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Water in Central Australia

River, Lakes, Waterholes in Central Australia

Water in Central Australia
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Rainfall and Water in Central Australia - River, Lakes, Waterholes

Central Australia is a vast arid region that stretches from Western Australia, through southern part of the Northern Territory, northern part of South Australia and the south west corner of Queensland.

It is a region spanning endless flat landscapes, huge sand dunes, salt encrusted claypans and lakes, gorges and mountain ranges. Etched in this desert landscape are the tracks of dry river beds cutting across the land, many seeming to just disappear into the sand, whilst others converge from tributaries into the major arterial riverways, that flow in to dry basins and lakes, that may be salt encrusted, such as can be seen at Australia’s largest salt lake, Lake Eyre.

Rainfall is a rare occurrence in Central Australia compared to other parts of the continent. Yet when it does rain and depending on the storm severity and the amount of the rainfall, the rain can bring flash floods and torrents, with the deluge sweeping through formerly dry channels and dry riverbeds. These swollen rivers carry such force that whole trees, boulders, pebbles, sand and other debris can be swept along the river.

Many roads get cut off, and unwary or foolhardy driver have had their vehicles swept along the river whilst attempting to transverse roads that are in the path of the swollen rivers.

Such rain often fill dried rock holes, replenish the permanent waterholes, claypans and lakes, and depending on the amount of water that has fallen, can be the trigger for the appearance of an amazing array of life. Desert and burrowing frogs appear, mate and lay their eggs, spawning the cycle of tadpoles and frogs. Desert fishes seem to appear out of nowhere and every body of water provide habitats for a variety of amazing tiny crustaceans such as fairy shrimp, clam shrimp and shield shrimp.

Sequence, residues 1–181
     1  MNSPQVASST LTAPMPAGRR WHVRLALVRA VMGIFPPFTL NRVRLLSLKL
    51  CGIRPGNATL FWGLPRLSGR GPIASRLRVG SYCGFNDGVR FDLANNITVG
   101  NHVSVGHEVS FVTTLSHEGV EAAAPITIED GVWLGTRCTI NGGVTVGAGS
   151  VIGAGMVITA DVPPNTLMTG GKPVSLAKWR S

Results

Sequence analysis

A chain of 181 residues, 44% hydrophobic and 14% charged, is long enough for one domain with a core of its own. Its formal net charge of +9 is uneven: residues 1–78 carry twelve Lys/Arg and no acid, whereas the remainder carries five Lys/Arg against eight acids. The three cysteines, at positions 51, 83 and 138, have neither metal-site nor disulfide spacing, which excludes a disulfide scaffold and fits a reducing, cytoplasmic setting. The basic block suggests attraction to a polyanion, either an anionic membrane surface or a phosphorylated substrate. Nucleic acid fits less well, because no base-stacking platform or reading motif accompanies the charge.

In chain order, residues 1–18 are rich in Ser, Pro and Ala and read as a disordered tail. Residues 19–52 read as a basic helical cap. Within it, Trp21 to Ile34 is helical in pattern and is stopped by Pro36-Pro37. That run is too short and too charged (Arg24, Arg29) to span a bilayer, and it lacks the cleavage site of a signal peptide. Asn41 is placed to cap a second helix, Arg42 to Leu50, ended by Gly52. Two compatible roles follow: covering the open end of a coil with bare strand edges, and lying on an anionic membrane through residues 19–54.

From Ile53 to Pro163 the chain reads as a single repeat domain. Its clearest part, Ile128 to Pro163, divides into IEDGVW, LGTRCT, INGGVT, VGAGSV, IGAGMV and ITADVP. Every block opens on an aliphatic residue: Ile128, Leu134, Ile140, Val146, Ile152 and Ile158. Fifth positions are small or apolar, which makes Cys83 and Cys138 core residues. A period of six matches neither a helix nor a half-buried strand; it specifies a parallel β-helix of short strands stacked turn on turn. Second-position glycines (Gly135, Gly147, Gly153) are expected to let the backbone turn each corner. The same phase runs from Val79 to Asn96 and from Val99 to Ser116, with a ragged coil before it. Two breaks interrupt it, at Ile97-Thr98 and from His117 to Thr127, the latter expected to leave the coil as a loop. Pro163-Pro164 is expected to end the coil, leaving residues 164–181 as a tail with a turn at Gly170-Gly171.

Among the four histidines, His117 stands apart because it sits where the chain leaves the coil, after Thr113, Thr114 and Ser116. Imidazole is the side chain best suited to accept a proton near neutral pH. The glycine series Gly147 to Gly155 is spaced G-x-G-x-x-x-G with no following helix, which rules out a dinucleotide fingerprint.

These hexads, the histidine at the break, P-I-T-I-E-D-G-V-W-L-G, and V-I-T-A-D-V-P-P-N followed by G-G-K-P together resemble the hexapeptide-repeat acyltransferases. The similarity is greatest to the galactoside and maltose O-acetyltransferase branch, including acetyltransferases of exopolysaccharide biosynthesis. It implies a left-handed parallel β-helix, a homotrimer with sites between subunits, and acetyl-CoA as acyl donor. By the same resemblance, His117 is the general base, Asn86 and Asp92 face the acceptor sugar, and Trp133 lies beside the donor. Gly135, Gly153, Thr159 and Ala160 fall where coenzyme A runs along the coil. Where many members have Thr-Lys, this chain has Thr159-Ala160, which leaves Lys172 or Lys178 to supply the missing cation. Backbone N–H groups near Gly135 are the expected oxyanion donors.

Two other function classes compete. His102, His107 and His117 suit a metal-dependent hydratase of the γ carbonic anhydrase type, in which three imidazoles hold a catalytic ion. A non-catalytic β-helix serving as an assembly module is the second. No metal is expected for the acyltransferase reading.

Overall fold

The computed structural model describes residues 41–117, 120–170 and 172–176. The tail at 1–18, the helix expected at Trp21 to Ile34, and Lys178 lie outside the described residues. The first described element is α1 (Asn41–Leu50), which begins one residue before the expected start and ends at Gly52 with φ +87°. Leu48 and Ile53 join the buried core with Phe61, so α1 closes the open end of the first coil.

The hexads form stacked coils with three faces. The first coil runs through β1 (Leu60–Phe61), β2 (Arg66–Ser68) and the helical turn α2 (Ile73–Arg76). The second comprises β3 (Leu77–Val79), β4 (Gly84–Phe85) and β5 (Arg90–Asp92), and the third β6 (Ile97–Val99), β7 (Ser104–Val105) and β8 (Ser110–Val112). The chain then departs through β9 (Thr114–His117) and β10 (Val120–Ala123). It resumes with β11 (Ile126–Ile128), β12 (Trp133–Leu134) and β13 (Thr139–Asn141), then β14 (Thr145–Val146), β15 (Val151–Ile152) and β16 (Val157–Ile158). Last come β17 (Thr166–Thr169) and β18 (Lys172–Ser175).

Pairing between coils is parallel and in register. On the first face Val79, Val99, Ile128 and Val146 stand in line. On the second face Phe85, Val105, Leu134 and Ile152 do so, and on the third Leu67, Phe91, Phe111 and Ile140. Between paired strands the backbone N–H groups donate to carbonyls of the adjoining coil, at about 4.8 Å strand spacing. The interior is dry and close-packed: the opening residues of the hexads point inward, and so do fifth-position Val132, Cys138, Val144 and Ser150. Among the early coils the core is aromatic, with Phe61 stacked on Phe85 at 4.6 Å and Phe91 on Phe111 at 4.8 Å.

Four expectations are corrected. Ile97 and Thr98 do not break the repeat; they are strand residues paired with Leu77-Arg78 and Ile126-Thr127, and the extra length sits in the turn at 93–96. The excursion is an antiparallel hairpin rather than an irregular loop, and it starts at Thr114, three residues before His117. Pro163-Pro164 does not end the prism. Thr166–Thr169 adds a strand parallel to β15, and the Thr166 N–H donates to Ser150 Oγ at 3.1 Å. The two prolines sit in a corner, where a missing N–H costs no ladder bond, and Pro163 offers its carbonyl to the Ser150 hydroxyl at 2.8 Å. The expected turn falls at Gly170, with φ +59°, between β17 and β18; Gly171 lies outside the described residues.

These small crustaceans lie dormant in the clay and sand, awaiting the arrival of rain. Once enough water has fallen is the trigger for the eggs to hatch. Like a number of other creatures in this arid landscape, they live an accelerated life cycle, laying more eggs before they die.

Palm Valley

Just as suddenly as they appear, rivers can dry up within days or hours, often leaving debris deposited across the roads. Some rivers can last longer, depending on the amount of rain that has fallen in the region, especially if the rivers are fed by a number of effected tributaries. Such rain fall patterns are often the result of weather conditions during the big wet up the far north, or rain clouds blown across from Western Australia and Queensland.

Many of these wet weather conditions are a welcomed change in a region where rain is infrequent.

Finke River System
One of the largest river systems in Central Australia is the Finke River, also cited as being ‘the oldest river in the world’, it’s starts in the MacDonnell Ranges in the Northern Territory.

‘The Finke’ starts at the confluence of the Davenport and Ormiston Creeks, just north of popular Glen Helen. It then meanders for some 600 plus kilometres passing through the Finke Gorge National Park and like the Hugh, Palmer and Diamantina rivers all flowing inland, to the western edge of the Simpson Desert in northern part of South Australia and eventually ending up in Lake Eyre.

The Finke River winds pass Palm Valley, in fact, those visiting Palm Valley will find that part of the route is along the dry river bed of the Finke River. During times of heavy rain in the region, water also flows through Palm Valley to feed into the Finke River.

Todd River
Anyone who has visited Alice Springs, will be aware that the town sits on the Todd River. Like most rivers in Central Australia, the Todd River is a dry river bed whose origins begin in the MacDonnell Ranges. From there it winds its way pass the Telegraph Station, almost through the centre of Alice Springs, out through Heavitree Gap and continuing on for some distance  before it becomes a tributary of the Hale River, that eventually flows into Lake Eyre in South Australia.1